Comparing what various photographers do and offer, and their prices, is like comparing apples and oranges these days. There is a lot of terminology being thrown around and it can mean different things. So…..here is your Ultimate Guide to Photography Terminology. AND…a disclaimer. Different photographers mean different things when they throw around these terms…this is guide is what I mean by them, and is a good place to begin, but it is always a good idea to ask your photographer for clarification of what they mean by these terms.
Posed, unposed, and guided:
There was a time when posed photos were the only way to do things. Today technology has allowed photographers to take advantage of the special moments that sometimes happen when a person is unaware that their photo is being taken. This is when unposed photography shines. It is good for receptions, ceremony shots, children at play, action. I like to call this kind of photography candid….it is just catching the moment, as it happens, with no direction from the photographer. Guided is sort of semi posed. It is good for getting brides and grooms to relax, but shows them at their best. Posed photography still has its place, and good posing is a bit of a lost art. But good posing can take off 10 pounds, hide flaws and accentuate good qualities. In a good posed shot, the subject won’t look stiff, but instead look relaxed and at his or her best. I like to do a combination of all three types at all events.
Natural light, available light, flash on camera, off camera light:
Many photographers these days refer to themselves as natural light photographers, or available light photographers. Natural light is synonymous with available light and it’s nice when you can get it. Available light photos are sometimes characterized by backgrounds that have no detail (either too light or too dark), and racoon eyes (eyes that are in shadow and thus don’t show up properly). These are only two of the drawbacks of available light photography. It is nice in certain situations, such as at sunset and sunrise, but only if the subject is facing the direction of the light. It can be really nice when doing candid shots, but only if the lighting is not too contrasty. Flash on camera can work, but it still is not ideal, as it tends to create a harsh, flat light that does not flatter faces. Off camera light is ideal. A photographer who is skilled at all types of lighting is best, because you know that no matter what the lighting situation is at your event, your photographer will be able to get the best shots of you possible. I use available light when it is available, and off camera light of varying kinds at all other times. I never use a flash directly on the camera.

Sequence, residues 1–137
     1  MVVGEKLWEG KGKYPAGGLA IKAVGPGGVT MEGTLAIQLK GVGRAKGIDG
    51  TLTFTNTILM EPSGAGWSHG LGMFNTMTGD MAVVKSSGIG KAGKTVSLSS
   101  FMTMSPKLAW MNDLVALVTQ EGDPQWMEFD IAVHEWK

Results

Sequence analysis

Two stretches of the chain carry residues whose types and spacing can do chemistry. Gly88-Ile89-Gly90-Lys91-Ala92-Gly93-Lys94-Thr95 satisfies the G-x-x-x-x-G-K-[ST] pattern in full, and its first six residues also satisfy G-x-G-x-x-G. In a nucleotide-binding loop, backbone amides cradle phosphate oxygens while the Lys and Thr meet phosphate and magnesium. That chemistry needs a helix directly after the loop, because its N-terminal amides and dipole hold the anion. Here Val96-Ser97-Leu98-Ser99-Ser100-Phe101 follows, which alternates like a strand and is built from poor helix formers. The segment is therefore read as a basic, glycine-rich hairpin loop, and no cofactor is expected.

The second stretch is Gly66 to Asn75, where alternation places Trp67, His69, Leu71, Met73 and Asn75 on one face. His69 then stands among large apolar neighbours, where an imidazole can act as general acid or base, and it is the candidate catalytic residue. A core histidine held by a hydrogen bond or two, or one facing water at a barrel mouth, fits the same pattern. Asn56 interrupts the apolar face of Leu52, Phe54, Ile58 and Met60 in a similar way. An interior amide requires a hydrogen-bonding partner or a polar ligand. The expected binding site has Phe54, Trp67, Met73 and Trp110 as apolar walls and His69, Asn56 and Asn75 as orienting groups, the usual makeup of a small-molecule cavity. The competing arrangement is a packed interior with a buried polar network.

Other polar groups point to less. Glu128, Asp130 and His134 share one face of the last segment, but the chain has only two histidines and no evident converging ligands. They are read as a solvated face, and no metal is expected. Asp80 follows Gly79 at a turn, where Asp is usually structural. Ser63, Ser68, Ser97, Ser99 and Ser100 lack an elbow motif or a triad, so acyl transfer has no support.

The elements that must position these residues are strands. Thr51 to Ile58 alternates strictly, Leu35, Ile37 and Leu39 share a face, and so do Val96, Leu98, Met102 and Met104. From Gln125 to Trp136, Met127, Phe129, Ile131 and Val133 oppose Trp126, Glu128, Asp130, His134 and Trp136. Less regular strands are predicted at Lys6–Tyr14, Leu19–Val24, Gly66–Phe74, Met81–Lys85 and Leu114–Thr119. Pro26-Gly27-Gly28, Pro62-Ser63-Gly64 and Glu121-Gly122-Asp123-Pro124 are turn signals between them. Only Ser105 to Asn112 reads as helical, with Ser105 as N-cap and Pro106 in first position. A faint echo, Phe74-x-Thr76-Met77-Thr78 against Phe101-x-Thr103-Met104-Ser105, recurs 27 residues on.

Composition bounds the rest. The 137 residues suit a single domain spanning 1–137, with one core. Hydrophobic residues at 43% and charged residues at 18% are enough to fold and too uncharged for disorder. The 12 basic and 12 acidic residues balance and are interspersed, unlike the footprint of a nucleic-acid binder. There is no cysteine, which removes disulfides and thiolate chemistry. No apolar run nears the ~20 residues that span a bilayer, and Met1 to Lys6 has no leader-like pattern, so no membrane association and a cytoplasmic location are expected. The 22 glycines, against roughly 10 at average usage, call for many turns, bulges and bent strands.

Straight out of camera, edited, retouched:
Straight out of camera (SOC) means what was created in the camera is what you get. You won’t ever get an SOC image from me, I consider it unprofessional. I offer edited images, which take much less time to do, and are perfect for small prints and social media. Retouched images are great for wall portraits and photos 8 by 10 and larger; they cost a bit more, but if you want a wall portrait made, it is worth the cost.
Copyright vs Usage Release
No professional photographer will release a copyright to you unless you pay for it, and it is very expensive. Some might issue you a Usage Release, and the terms of the usage should be spelled out in a written agreement. A sample of a Usage Release would be that you can use the images for your personal use only, with no images sold or given or otherwise provided to other parties. Usage Releases are less expensive, but keep in mind that when a photographer sells a Usage Release to you (as they do if they provide you with a disc of the high resolution images), they have just given up any potential sales of the image, so the price of the Usage Release will reflect that. When you get a disc of the images, or a thumb drive or some other sort of storage media with images on it, the photographer has, in essence, sold you a Usage Release. Best to clarify what you are getting.